Venice, Italy – A Banquet Awaits

produce boatWhere can I eat well in Venice, Italy?  I get that question a lot, along with some whining about how the questioning travelers just know that Venice isn’t a great food town.  Oh really? I have to tell you that I couldn’t disagree more.  Last year my great pal Elizabeth Minchilli mentioned that she was planning a Venice eating trip in service of her latest app, EatVenice.  Would I like to tag along?  Well, yes I would and as a coincidence I was planning a trip to Parma a week later.  Perfect timing is a beautiful thing.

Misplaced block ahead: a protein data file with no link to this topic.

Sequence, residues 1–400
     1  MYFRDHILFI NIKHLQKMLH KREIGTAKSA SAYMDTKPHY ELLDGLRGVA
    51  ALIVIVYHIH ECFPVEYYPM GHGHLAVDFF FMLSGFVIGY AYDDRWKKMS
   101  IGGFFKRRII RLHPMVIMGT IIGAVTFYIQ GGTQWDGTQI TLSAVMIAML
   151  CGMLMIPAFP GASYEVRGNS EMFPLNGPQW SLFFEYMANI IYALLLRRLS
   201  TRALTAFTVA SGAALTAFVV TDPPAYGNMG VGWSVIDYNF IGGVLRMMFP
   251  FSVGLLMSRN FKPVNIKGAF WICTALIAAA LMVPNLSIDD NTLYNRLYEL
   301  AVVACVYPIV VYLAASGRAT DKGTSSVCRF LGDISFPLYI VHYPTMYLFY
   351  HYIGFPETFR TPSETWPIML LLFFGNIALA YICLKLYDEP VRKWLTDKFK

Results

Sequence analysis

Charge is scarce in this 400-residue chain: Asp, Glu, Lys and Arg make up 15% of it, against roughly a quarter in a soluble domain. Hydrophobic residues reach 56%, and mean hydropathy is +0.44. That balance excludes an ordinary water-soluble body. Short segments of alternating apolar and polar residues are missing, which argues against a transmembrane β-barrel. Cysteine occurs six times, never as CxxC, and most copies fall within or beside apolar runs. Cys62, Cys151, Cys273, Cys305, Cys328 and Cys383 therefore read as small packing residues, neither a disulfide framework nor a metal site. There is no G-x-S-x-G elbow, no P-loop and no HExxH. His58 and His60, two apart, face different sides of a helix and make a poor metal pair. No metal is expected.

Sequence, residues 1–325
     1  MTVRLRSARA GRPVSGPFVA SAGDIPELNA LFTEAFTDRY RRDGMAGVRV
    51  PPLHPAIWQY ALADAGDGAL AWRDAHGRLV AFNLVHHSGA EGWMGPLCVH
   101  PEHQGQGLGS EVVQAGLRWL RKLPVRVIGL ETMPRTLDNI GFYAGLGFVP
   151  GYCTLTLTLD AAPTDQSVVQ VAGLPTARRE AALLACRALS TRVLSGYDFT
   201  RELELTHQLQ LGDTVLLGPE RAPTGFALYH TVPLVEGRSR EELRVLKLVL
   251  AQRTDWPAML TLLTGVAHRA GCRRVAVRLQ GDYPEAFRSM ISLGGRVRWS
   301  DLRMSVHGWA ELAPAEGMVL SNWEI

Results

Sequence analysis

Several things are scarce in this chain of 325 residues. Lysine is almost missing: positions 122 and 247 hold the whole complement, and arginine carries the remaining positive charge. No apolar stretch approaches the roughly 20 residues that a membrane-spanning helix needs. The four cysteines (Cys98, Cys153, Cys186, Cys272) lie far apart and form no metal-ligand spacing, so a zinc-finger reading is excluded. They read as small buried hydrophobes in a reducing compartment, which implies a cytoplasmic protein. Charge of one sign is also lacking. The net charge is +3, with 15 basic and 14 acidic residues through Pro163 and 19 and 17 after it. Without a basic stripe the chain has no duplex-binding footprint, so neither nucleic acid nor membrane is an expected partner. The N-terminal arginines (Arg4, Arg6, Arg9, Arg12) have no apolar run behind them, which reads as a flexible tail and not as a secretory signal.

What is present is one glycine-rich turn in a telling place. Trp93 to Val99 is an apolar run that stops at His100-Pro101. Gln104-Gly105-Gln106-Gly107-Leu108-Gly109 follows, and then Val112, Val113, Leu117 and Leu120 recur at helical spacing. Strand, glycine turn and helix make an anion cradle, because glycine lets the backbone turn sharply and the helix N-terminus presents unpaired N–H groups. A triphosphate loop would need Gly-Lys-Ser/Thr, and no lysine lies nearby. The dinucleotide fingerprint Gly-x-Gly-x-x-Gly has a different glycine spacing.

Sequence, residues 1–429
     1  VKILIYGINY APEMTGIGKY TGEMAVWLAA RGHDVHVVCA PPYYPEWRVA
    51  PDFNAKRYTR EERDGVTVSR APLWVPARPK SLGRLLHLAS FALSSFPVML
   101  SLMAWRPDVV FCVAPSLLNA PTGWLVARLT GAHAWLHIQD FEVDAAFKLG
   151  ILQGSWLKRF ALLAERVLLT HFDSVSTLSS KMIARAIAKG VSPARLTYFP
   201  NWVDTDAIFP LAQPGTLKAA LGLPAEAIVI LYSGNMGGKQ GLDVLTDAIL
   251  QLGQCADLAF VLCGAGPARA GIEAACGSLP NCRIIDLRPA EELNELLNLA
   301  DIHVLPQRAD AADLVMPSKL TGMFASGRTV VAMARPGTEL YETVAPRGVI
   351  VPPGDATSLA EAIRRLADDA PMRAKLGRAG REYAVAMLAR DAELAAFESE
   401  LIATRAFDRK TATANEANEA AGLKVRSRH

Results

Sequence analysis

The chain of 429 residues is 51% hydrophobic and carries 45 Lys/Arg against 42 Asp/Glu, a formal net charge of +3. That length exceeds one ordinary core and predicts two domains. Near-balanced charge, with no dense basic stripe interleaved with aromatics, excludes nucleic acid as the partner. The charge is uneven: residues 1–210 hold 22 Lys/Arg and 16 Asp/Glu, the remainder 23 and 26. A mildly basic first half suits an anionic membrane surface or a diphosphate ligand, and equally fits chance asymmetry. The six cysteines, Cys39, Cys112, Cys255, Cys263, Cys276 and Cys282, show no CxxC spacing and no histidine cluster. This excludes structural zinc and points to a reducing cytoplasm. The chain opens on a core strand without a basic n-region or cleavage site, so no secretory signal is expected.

Now Elizabeth doesn’t play around so I knew that this wasn’t going to be a breakfast, lunch, dinner kind of trip.  And I was right.  I would say we averaged seven to ten eating locales a day including the famed baccari or snacking bars where you can stop in, have just one or two ciccheti (Venetian Tapas) or make a meal of them along with a glass of wine.  A word about the baccari.  Who came up with such a perfect eating plus drinking format? (That was a rhetorical question). The good ones are incredible.  Historic, comfortable, friendly, with delicious little bites and local wine and or beer to go along, they are my ideal eating establishment.We also ate in sit down restaurants, trattorie, bakeries, coffee bars and delis.   The food was fascinating and nearly universally delicious.  Of course when you eat in that many places you’re going to have some clinkers but overall the food was fantastic.  It may be 2013, but Venice is still rigorously regional.  It’s position on the Italian peninsula combined with the challenges of getting food to all shops, bars and restaurants by boat pretty much ensures that local will trump global whenever possible.  So what did we eat?  Fish.  Fish and Seafood and Polenta.  White polenta.  Squid Ink everything and tiny soft shell crabs and Mortadella.  Great thick chunks of mortadella, the kind that convinced me that a vegetarian life was not for me.